Enabling regulatory environment needed

Panellists said the regulatory environment could incentivise the use of recycled and recyclable materials and help enviro-tech innovators secure funding.

“Smart regulation and well-functioning municipal administrations are essential for a functioning circular economy. Investments in innovations, such as those we see at IFAT, are often not possible without new legislation,” said Dr. Christoph Epping, Head of Directorate WRII ‘Resource Conservation, Circular Economy’ at the German Federal Ministry for the Environment, Nature Conservation and Nuclear Safety.

“Politics must ensure crisp but attractive legislation, regulation and guidance. One major pillar of this change will be the financial and political support of breakthrough green innovation to disrupt markets with sustainable and green business models,” added Dr Eng. Sebastian Porkert, CEO of enviro-tech startup Ecofario.

Peter Kurth, President BDE (Federation of the German Waste, Water and Raw Materials Management Industry) and President FEAD (European Federation of Waste Management and Environmental Services) emphasized that regulators had a role to play in incentivising change in product manufacturing and helping drive circular economies. He said for example, public procurement could set an example by setting minimum levels of recyclates in products purchased.

He said this year alone, over 25,000 wind turbines would be sent to the waste market: “That is 125,000 tonnes of plastic which can’t be recycled and is hard to treat in other ways. We need legal frameworks for responsible manufacturing. We also have to enforce an end to the landfilling of untreated waste,” he said.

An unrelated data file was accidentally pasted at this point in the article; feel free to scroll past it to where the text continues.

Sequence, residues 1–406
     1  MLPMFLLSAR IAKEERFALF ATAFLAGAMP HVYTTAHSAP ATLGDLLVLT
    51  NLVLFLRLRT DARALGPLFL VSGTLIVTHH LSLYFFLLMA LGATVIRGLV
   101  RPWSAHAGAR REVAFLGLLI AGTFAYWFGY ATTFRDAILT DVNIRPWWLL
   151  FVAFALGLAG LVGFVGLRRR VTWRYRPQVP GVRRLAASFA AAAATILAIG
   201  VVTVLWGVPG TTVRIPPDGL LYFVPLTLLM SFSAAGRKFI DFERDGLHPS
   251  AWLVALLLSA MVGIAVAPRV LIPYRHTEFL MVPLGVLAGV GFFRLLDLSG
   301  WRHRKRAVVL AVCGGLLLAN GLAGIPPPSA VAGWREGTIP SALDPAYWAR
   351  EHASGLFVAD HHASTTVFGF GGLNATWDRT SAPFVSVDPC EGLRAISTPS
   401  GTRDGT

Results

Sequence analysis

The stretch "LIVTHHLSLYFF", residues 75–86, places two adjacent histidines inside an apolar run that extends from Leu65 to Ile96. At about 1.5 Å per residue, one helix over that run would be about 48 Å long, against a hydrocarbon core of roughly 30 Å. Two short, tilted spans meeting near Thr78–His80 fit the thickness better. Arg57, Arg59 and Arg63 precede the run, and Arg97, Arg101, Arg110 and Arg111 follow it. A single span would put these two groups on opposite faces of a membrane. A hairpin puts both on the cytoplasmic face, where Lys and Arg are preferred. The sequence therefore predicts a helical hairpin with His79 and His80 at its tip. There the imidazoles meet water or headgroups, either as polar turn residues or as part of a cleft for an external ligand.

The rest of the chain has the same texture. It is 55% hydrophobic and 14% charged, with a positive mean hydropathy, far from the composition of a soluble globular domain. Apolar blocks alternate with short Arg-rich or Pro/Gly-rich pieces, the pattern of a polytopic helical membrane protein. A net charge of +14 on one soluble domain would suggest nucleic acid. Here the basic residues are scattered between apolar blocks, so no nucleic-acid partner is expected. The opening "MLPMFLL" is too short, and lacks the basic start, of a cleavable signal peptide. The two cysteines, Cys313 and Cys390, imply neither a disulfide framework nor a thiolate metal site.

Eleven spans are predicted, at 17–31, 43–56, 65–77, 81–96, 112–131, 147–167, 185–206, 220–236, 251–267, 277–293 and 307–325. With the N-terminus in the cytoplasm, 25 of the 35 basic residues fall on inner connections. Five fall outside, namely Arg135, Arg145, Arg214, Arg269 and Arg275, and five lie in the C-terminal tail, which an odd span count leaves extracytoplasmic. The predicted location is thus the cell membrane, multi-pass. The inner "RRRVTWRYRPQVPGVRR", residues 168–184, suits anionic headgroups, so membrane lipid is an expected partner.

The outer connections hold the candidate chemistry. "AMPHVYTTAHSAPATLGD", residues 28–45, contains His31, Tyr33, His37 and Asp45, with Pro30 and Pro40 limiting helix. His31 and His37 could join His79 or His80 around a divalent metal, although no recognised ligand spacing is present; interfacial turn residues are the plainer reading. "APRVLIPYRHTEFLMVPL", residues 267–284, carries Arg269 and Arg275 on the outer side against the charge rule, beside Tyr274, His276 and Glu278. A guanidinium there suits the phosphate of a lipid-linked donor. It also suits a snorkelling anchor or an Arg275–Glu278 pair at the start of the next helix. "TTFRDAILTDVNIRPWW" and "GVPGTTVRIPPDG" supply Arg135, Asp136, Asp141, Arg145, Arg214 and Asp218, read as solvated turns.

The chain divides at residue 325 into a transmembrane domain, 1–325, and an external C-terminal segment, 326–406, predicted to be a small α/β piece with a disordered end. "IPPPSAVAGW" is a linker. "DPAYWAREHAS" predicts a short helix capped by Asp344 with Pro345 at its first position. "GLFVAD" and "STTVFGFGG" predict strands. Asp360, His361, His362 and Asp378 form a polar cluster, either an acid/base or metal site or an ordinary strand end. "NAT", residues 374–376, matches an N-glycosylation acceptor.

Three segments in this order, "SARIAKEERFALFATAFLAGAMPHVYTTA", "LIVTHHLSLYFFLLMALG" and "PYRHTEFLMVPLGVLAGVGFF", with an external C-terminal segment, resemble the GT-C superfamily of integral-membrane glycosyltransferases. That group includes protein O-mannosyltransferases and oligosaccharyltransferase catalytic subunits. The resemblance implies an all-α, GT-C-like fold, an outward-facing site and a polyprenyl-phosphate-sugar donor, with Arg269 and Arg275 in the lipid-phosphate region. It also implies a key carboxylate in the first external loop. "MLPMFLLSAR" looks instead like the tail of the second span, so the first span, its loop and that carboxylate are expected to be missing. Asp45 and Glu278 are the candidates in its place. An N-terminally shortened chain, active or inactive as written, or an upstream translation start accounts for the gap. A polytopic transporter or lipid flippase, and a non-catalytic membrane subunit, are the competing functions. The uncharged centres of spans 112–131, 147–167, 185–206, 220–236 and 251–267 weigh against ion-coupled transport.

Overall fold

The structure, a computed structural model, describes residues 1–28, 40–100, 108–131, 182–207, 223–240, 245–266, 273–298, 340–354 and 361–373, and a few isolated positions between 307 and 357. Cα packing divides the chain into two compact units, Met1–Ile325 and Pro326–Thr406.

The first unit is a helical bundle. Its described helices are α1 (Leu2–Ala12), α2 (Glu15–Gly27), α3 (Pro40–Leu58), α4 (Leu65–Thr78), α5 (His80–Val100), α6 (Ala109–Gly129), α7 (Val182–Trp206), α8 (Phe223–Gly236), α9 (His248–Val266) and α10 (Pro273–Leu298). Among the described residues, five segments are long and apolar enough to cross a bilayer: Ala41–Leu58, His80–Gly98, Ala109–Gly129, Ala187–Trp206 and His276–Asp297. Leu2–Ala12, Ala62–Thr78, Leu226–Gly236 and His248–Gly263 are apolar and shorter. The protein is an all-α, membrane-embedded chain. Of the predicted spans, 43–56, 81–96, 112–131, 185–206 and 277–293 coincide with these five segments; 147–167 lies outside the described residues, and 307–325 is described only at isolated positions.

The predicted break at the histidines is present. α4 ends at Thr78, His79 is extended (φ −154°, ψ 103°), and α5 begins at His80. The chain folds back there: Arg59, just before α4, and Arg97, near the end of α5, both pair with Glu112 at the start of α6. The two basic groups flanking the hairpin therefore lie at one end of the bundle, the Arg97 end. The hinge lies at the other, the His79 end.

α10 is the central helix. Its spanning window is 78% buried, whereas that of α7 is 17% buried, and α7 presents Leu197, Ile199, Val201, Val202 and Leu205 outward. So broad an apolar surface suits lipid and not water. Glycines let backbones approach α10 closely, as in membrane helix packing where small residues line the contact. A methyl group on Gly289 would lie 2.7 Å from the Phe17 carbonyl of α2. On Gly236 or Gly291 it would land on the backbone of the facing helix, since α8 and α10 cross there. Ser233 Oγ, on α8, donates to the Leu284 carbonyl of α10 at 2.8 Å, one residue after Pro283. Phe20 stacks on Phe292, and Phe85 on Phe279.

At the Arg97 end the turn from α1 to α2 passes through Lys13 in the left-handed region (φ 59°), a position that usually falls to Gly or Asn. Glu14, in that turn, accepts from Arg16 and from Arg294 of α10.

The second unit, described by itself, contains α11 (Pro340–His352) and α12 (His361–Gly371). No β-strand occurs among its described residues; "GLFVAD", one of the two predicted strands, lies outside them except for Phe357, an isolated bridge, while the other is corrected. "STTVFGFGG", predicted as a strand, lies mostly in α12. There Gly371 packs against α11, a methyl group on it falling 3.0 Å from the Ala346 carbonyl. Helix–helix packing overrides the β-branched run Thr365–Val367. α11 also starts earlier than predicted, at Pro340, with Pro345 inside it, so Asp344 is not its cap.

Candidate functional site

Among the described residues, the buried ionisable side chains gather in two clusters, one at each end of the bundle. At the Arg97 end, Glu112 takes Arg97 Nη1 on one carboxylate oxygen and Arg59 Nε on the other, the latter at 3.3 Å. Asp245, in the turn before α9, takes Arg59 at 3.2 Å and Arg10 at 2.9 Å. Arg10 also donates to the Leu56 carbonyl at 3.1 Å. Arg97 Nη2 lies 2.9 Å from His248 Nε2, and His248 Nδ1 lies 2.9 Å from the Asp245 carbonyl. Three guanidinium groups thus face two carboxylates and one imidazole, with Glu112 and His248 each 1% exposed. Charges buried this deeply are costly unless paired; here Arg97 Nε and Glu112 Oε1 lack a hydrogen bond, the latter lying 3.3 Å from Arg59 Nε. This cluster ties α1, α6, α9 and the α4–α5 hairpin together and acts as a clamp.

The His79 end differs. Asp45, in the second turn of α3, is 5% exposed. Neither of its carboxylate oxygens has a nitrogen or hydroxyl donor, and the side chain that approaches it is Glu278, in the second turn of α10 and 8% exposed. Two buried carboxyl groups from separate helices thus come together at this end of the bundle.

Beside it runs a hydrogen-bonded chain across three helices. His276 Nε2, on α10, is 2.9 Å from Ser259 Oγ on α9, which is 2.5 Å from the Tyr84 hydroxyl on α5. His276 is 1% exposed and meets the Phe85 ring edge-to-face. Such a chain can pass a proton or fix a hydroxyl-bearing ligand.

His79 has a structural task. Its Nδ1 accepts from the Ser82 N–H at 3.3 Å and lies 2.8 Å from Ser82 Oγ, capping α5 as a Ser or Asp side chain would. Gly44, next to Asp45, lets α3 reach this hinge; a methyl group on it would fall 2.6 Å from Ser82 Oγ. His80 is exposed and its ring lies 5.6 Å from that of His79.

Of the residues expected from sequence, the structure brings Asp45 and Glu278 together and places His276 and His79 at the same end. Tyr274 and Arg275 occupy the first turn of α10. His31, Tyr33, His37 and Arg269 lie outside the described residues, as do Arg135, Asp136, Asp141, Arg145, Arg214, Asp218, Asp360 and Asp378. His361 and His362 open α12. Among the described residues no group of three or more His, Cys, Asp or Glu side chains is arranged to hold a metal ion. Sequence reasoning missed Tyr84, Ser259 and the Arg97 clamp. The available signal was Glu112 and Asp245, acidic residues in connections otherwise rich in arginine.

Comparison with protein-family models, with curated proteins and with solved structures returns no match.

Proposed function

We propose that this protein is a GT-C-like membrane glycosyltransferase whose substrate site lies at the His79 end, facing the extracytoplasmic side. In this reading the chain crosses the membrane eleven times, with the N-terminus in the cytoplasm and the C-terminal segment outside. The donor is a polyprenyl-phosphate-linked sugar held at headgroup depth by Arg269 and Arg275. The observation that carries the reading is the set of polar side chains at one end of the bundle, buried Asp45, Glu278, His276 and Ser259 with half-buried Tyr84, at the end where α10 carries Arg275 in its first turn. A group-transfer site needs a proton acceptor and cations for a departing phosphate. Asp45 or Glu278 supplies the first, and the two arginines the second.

Innovation to drive better reduce, reuse, recycling programmes

The panellists highlighted the potential of innovative new technologies to help overcome current challenges in recycling.

Open data, access to data and the use of technologies such as Blockchain presented new opportunities to track products and share information about those products, said William Neale. “The real power in this is we now have an opportunity to attach data to a physical product, create digital product passports, and use technologies such as AI to improve sorting and recycling,” he said.

Lynette Chung, head of global sustainability at Covestro AG, agreed that digital innovation could support circular economy efforts. She noted that manufacturers faced significant challenges in moving toward a circular economy: not only did they have to test and source new materials, they also had to ensure the resulting products were fit for purpose and safe for consumers. “We have to work with the entire value chain, assess raw materials and understand what recycled products work in the market.  Industry needs to be given a chance to look at how to implement radical change across materials, recycling technologies and testing in order to address the issue we created some time ago.” She said digitisation and quantum computing could help industry achieve this change.